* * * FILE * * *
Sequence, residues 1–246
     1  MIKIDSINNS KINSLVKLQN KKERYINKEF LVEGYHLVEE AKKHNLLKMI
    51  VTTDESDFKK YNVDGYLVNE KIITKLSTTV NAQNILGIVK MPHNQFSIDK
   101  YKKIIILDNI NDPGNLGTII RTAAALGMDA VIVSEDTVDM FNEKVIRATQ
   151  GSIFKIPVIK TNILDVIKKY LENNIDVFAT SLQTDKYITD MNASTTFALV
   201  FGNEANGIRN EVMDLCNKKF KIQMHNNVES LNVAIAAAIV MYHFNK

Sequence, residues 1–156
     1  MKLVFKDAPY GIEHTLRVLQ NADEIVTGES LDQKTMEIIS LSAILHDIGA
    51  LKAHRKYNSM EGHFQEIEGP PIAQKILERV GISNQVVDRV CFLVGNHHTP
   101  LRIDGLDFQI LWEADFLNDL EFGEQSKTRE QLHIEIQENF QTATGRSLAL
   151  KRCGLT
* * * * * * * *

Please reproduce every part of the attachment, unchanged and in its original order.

Sequence, residues 1–246
     1  MIKIDSINNS KINSLVKLQN KKERYINKEF LVEGYHLVEE AKKHNLLKMI
    51  VTTDESDFKK YNVDGYLVNE KIITKLSTTV NAQNILGIVK MPHNQFSIDK
   101  YKKIIILDNI NDPGNLGTII RTAAALGMDA VIVSEDTVDM FNEKVIRATQ
   151  GSIFKIPVIK TNILDVIKKY LENNIDVFAT SLQTDKYITD MNASTTFALV
   201  FGNEANGIRN EVMDLCNKKF KIQMHNNVES LNVAIAAAIV MYHFNK

Sequence, residues 1–156
     1  MKLVFKDAPY GIEHTLRVLQ NADEIVTGES LDQKTMEIIS LSAILHDIGA
    51  LKAHRKYNSM EGHFQEIEGP PIAQKILERV GISNQVVDRV CFLVGNHHTP
   101  LRIDGLDFQI LWEADFLNDL EFGEQSKTRE QLHIEIQENF QTATGRSLAL
   151  KRCGLT